Friday, December 15, 2006

Nestlé, Novartis Medical Foods, Gerber and food for thought

Yesterday it was announced that Nestlé was buying Novartis Medical Nutrition for the sum of US$ 2.5 billion. That will be a fun cheque to write - and receive. It does need approval by regulatory authorities, who will want to investigate if it gives Nestlé too large a share of the market.

According to Nestlé Chief Executive Officer, Peter Brabeck-Letmathé: "This is a very important step for the Nestlé Group in its strategic trans­formation process to a nutrition, health and wellness company as it strengthens the core of our globally managed Nestlé Nutrition business."

I've written in the past about how Mr. Brabeck is trying to change Nestlé's image from junk food and confectionary company to something more wholesome. Financial analysts say Nestlé profits and share price is vulnerable if there is regulation to counter the global epidemic of obesity, part of the reason why Nestlé pushes for voluntary agreements rather than regulation. And the reason why Mr. Brabeck is trying to rebrand Nestlé as a nutrition, health and wellness company.

Well, it would be good to see Nestlé more concerned about nutrition, health and wellness, but in its business plan this means ever more technical and processed approaches to nutrition, with functional foods oversold with claims about their health benefits. We see it with the baby foods - such as the formula labels in the Philippines highlighted in our current campaign where Nestlé boasts they contain 'Brain Building Blocks'.

A transnational such as Nestlé has strategic business plans stretching for decades. Its marketing of breastmilk substitutes can take that long to undermine breastfeeding cultures (take a look at the case studies on 7 countries produced by IBFAN which record the history of the growth of artificial feeding, in most cases with Nestlé being a leading driver of cultural change).

And so its approach is not for greater understanding of nutrition for improved diets, but for improved sales. What we may need to do for better health is eat more fruit and vegetables, grown locally without chemicals. But that information would not serve Nestlé's purposes. So it tries to lead the policy direction. Three years ago it initiated an annual symposium on food and health at the Nestlé Research Centre. And last month it announced funding for a Swiss Institute on the relationship between nutrition and the brain. It will fund two chairs at the Institute. This is the company that promotes its 'brain building block' formula with claims that the Cochrane Library finds are not substantiated by research (see past blogs).

The partnership with the Institute will be for research that will: "extend from studying the role nutrition plays in children's brain development to identifying ways of slowing down brain decline in older age and preventing diseases such as Alzheimer's."

Nestlé is already claiming "a good diet has more potential than previously recognised to improve brain function." Expect more products with 'brain building blocks'. And if previous research doesn't recognise any benefit, as with the addition of Long Chain Polyunsaturated fatty acids to formula, perhaps Nestlé will be able to come up with some new research that does find benefits, perhaps endorsed by the Institute and chairs it is funding.

Nestlé would of course claim that it is only concerned with the science, not the marketing claims it may or may not legitimise. The unfortunate thing is that when the science is troublesome for Nestlé it decides it must be wrong. We see this in the news today with Nestlé rubbishing findings by the US Food and Drug Administration (the FDA). The FDA found samples of Nestlé Good Start infant formula in the US did not meet composition requirements. Specifically the FDA wrote to Nestlé on 27 November saying the formula did not meet the requirements for minimum levels of calcium and phosphorous. Calcium is, of course, the 'bone builder' ingredient, Nestlé likes to flag up on labels such as those in the Philippines. But not so much bone building will be going on if the calcium levels are below the minimum requirement.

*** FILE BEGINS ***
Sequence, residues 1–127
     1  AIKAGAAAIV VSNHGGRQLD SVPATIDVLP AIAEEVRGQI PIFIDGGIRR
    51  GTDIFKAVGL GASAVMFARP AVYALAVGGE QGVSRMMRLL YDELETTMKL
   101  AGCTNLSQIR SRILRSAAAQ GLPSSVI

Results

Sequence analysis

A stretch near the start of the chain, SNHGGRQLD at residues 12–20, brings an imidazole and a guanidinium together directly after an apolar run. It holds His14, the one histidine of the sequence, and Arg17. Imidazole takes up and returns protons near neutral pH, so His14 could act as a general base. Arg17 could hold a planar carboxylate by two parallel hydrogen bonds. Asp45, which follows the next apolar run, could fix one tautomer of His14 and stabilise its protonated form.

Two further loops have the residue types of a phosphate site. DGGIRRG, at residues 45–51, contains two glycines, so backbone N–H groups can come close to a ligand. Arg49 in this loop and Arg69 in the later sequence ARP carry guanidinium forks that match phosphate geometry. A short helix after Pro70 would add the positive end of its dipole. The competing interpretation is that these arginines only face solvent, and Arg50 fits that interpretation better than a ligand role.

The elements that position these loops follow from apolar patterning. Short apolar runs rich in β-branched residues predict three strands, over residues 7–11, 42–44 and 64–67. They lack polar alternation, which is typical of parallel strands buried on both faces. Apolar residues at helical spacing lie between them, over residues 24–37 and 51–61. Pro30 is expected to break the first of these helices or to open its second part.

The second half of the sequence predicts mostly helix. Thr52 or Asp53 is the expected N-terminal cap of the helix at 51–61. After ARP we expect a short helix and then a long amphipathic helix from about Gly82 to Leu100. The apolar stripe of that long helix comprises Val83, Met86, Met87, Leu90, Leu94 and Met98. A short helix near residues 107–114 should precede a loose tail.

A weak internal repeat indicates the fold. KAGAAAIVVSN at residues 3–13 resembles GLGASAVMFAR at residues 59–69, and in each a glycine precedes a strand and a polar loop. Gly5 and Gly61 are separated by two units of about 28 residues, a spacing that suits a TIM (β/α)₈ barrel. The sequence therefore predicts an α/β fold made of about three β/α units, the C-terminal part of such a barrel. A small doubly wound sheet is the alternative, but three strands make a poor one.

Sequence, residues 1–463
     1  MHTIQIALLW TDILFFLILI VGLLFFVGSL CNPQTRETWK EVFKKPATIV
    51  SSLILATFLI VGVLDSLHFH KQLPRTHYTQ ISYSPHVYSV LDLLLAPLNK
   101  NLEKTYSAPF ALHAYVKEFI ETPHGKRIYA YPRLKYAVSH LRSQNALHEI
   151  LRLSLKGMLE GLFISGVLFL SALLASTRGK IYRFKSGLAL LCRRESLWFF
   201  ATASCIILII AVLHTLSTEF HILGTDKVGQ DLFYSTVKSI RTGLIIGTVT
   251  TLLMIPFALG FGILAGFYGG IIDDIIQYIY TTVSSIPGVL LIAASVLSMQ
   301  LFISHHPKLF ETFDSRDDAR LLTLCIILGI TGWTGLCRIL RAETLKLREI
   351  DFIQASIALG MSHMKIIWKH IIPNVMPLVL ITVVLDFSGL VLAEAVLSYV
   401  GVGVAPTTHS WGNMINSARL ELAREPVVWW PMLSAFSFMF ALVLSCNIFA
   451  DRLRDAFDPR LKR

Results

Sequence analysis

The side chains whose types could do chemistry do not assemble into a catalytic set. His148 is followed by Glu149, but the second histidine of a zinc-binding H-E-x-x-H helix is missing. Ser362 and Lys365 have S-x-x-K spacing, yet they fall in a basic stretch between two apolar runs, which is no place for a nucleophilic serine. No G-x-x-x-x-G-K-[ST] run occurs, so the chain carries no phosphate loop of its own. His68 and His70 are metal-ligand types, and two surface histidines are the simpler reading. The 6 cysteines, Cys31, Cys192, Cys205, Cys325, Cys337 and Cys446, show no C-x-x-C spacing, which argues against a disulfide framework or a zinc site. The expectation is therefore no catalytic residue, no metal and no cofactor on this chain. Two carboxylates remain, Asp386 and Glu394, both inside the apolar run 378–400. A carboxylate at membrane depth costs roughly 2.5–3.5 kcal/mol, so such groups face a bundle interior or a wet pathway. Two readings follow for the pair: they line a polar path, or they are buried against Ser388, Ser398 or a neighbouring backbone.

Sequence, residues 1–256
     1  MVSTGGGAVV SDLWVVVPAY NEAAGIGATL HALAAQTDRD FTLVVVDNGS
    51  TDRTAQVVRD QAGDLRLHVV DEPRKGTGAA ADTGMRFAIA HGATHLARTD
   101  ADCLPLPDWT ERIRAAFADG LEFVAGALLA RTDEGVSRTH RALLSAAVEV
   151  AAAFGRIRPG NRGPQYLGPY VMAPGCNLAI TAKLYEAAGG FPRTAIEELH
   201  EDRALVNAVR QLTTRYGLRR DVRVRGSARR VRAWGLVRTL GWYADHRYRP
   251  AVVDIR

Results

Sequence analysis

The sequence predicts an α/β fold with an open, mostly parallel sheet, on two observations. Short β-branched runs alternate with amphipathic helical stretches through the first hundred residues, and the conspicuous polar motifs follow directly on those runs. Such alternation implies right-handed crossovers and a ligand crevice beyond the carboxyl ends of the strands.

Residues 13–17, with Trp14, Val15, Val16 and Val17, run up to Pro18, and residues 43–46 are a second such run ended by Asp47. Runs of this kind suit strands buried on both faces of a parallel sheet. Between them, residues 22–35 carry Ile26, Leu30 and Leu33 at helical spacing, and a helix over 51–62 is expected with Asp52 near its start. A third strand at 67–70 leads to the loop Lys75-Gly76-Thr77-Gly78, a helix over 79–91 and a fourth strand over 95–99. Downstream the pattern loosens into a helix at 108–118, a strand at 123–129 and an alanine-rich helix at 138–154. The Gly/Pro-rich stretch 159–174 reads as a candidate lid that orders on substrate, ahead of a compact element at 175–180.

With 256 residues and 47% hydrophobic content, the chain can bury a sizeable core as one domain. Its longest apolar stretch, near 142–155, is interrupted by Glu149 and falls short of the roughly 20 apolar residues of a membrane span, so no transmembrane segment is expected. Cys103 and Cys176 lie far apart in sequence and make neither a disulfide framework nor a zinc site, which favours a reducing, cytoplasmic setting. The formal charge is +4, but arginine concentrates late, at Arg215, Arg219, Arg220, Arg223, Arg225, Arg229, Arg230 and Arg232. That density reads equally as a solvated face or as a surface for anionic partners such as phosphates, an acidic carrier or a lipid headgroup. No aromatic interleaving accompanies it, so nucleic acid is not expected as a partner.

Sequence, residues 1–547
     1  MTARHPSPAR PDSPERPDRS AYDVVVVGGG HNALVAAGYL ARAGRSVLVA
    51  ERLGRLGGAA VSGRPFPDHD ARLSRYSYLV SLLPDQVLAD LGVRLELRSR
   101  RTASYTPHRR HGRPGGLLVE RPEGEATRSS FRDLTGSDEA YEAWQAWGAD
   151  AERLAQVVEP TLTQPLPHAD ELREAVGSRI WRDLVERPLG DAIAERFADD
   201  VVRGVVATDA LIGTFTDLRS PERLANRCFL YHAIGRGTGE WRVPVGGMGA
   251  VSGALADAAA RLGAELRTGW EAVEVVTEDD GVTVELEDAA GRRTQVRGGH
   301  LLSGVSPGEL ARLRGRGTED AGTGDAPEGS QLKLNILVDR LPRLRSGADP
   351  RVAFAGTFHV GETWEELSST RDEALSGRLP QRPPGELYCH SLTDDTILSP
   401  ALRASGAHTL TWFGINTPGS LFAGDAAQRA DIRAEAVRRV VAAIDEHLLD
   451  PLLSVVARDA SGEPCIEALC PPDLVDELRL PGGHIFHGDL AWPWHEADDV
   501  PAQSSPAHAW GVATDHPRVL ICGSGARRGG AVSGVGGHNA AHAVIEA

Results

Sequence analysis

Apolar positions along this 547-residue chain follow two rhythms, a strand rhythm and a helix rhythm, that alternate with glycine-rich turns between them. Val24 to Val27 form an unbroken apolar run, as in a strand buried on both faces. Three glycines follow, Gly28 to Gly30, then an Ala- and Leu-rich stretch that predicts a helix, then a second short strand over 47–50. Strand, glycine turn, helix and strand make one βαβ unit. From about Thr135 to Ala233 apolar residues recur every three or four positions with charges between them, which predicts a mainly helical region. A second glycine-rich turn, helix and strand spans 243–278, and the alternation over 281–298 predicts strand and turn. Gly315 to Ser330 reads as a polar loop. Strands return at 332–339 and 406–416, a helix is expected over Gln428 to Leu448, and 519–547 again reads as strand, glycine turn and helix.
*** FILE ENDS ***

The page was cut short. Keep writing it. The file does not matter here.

This is devastating news for Nestlé. Its response? To say the FDA is wrong and its own analysis found no problems. See,,13129-2505991,00.html

An all too familiar story. Last year the Chinese authorities found too high levels of iodine in Nestlé baby milks and called for them to be withdrawn. Nestlé at first refused. Also last year Italian authorities seized formula contaminated with a chemical from the ink from the labels of tetrapak packaging. Mr. Brabeck claimed Nestlé had been given permission to continue selling the formula. The Italian health ministry was reportedly 'dismayed' by Mr. Brabeck's 'completely false' statement. Threatened with being sued, Mr. Brabeck put his claim down to a 'memory lapse'. See

So when science that does not suit its purposes is disputed, what confidence can we have in science funded by Nestlé and endorsed by people it pays? How seriously can we take its attempt to rebrand itself as a 'nutrition, health and wellness' company? Questions to ponder.

The point I was intending to make in this entry was that Gerber was not included in this sale. As The Times states: "some observers had expected that Gerber would be included in the same deal." It was not. Neither side is prepared to comment on whether discussions are on-going.

Given that Gerber has given an undertaking to bring its marketing into line with World Health Assembly marketing requirements (though there are still no signs of changes), we hope it remains outside Nestlé's hands or the chance that it will genuinely change will surely be lost.

1 comment:

Mike Brady said...

It was announced on 12 April 2007 that Nestlé had bought Gerber.

See my my blog entry